Creating poetry will cultivate curiosity, awe, and gratitude within you. All of which are sustenance for the dark night of the soul.
In 1994, a group of speleologists (they are cave scientists, I just really wanted to use that word) discovered one of the best-preserved prehistoric art sites in a cave in southeastern France. The figurative paintings at Chauvet–Pont d’Arc cave are estimated to be over thirty thousand years old, and include hand stencils, what seems to be a volcano spewing lava, and more than thirteen species of ice age lions, leopards, bears, and hyenas.
Chauvet cave and many of the countless other ancient rock art locations around the world—many of which are chronicled in the stunning Ancient Art Archive account on Instagram—are understood by anthropologists to be places where ancient rite of passage ceremonies were carried out. To mark their passage into adulthood and a new phase of responsibility, initiates went into the darkness.
And what did they do in the darkness?
They used their imaginations.
They told stories.
Many thousands of years later I stumbled upon the power of creating in the darkness. As I transitioned into my full self, my “cave art” of choice was poetry. Initially, I held a candle up to the cave walls and read the poems of others. But as the darkness remained, it didn’t take long to notice that there were aches, confusion, and longing within me that needed to be expressed. So I started to sketch my own simple poems.
As poet and civil rights activist Audre Lorde observed, poetry has the power to “give name to the nameless so it can be thought.” That’s what I began to experience. Creating poetry reflected back to me what I could not see. It helped me welcome home rejected parts of myself. Creating poetry became a comforting companion amid disorientation and restlessness. It put some shape—not too rigid or overdefined—to the formless and void phase I was in.
I usually wrote in free form. No rules for structures, like a predefined meter, syllable count, or rhyme scheme.
Often, if a poem I read stirred something in me, I would use it as a jumping off point to dig into what I was feeling. One day I was inspired by a snippet from David Whyte’s “Winter Grief” that captured the experience of being in a liminal space. As if I was having a conversation with Whyte’s poem, I pulled out my notebook and wrote a brief poem for myself, with no plan to share it with anyone (you’ll see why, I’m no Shakespeare):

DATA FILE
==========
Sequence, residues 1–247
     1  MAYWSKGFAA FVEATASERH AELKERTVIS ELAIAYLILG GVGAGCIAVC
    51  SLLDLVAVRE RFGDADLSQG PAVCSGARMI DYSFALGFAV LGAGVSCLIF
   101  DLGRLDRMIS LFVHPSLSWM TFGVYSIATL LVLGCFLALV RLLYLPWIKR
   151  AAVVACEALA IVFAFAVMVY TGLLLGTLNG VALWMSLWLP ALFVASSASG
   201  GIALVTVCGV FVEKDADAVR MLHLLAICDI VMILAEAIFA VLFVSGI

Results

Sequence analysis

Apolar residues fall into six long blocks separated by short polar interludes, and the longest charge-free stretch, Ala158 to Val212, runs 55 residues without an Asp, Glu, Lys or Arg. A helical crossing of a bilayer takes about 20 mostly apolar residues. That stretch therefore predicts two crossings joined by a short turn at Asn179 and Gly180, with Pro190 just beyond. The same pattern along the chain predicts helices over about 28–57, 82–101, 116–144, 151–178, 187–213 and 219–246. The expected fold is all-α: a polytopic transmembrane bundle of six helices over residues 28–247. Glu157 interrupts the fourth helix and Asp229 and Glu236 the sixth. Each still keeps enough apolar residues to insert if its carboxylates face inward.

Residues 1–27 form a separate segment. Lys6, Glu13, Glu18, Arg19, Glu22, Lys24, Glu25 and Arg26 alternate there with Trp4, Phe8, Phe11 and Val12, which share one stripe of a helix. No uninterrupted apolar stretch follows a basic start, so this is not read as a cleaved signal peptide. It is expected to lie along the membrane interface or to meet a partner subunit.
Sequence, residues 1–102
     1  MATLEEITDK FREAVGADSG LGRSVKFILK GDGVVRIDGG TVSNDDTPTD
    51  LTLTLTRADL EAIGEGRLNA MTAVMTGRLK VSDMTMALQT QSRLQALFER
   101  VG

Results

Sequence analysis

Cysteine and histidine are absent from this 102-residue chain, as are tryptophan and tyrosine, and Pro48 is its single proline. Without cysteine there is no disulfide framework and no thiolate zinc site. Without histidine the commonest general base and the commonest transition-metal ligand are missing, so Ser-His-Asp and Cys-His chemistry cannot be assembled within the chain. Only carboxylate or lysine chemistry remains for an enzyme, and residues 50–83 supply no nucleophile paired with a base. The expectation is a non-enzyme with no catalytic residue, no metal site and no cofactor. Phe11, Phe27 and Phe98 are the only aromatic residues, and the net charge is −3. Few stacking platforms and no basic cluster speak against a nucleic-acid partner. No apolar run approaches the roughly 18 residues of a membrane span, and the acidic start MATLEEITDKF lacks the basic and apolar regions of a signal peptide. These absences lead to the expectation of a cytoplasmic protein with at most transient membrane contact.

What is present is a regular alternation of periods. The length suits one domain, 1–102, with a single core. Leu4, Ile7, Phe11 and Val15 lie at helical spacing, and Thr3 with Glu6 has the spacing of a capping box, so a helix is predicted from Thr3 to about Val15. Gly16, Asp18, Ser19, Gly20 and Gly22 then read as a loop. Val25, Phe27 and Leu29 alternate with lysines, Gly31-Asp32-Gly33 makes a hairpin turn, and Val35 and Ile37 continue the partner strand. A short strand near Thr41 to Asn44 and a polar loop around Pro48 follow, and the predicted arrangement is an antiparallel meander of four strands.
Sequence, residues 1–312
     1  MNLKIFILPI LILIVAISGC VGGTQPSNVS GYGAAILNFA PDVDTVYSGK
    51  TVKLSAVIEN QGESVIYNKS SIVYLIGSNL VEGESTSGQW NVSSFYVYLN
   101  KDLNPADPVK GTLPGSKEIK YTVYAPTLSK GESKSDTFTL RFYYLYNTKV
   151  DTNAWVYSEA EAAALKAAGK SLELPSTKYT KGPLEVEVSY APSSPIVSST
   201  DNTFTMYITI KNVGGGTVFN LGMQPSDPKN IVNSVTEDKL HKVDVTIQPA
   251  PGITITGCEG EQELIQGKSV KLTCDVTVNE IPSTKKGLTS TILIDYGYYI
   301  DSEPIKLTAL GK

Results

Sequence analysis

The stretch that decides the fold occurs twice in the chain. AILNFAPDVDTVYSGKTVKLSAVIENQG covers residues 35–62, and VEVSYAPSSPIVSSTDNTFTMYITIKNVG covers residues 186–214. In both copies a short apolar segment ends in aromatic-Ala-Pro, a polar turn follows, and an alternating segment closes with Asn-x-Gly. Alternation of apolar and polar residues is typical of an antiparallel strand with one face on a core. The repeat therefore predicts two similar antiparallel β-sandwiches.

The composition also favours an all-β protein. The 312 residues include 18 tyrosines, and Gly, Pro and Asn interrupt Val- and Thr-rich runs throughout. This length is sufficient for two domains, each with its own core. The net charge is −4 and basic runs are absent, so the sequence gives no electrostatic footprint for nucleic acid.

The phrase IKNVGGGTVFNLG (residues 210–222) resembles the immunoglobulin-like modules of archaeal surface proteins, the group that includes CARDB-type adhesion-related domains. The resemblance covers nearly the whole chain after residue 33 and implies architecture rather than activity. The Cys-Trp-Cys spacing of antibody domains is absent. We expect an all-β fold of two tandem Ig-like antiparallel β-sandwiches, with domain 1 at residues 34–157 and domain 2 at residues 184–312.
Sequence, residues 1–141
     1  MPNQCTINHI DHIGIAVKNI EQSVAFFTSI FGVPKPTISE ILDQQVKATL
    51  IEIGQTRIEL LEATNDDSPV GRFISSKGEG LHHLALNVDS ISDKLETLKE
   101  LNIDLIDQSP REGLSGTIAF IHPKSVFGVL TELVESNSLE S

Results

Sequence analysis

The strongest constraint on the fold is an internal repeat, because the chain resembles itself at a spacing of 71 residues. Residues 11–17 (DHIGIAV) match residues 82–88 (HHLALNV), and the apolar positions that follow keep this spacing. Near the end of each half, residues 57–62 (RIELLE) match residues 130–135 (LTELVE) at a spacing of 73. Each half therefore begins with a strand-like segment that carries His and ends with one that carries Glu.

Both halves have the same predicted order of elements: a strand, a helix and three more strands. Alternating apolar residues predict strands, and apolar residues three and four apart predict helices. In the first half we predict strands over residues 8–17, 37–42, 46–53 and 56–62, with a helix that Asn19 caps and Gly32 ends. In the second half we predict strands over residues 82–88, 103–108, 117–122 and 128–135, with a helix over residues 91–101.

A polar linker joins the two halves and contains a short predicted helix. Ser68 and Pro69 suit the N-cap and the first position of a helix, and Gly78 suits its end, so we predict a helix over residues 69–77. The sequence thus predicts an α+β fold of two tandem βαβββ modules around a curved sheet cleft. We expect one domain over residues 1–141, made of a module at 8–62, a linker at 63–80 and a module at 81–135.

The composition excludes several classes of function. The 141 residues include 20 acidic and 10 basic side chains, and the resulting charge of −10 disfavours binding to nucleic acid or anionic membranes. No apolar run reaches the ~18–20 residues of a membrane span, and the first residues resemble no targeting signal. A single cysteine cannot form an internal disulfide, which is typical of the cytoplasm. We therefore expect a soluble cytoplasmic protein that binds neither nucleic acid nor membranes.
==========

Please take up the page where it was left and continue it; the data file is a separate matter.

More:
I am indeed in a season of in between
Still close to the things I’ve left
And who I’ve been
And what I’ve believed
Too close to it all
And yet knowing
I am becoming
For who I will be
The shape of my soul
The contours of my community
The outline of my work
All of this feels too far away
I long to be nearer to what is emerging
Than what has been
But I know no way to accelerate the journey
Occasionally, I would write haiku, a Japanese poetry style made prominent by Basho in the seventeenth century. A haiku includes a first line of five syllables, a middle line of seven, and a final line of five. Five-seven-five. Haiku is often about a specific event and appeals to the senses. For example, I wrote a haiku about a cat encounter I had one night while I was sitting on my front porch:
At dusk, guest uninvited
The stray cat appears
But mostly I avoided any poetic constraints, even though they can be creatively helpful. I knew I just needed to let it flow. To create. To make. Unrestricted. No judgment. I let the words bubble up from within and out onto the page.
Poetry doesn’t have to be sophisticated. You don’t need to be sitting by a fireplace, wearing a cardigan, and smoking a pipe to write poetry. Poetry can be simple. Regardless of how you go about it, creating poetry will cultivate curiosity, awe, and gratitude within you. All of which are sustenance for the dark night of the soul.
In fact, poetry doesn’t need to be your preferred form of “cave art.” Any form of creative expression can be supportive during your dark night. Compose songs. Make a quilt. Pull out a canvas and splatter paint on it. Create anything; just create something.
Kurt Vonnegut, author of satirical works like Slaughterhouse-Five, once described the power of creating in a letter he wrote in response to an inquiry from a high school class:
“Practice any art, music, singing, dancing, acting, drawing, painting, sculpting, poetry, fiction, essays, reportage, no matter how well or badly, not to get money and fame, but to experience becoming, to find out what’s inside you, to make your soul grow.”
For me, the added benefit of creating something, even a small something, was that it felt really good! It was satisfying to complete mini projects. As I walked through the dark, I couldn’t tell if I had traveled an inch or a mile. The act of creating, however, assured me that I was growing. Not the kind of growth that I used to look to in order to determine my worth in the world—the way I approached roles and projects and success, all related to seeking the approving gaze of others.
This was a different kind of growth. Not an ascending to higher levels of influence and wealth or achievement, but a descending kind of growth. I was undergoing. I was becoming.
Excerpted from The Way Home: Discovering the Hero’s Journey to Wholeness at Midlife by Ben Katt, published by St. Martin’s Essentials. Copyright © 2024 by Ben Katt.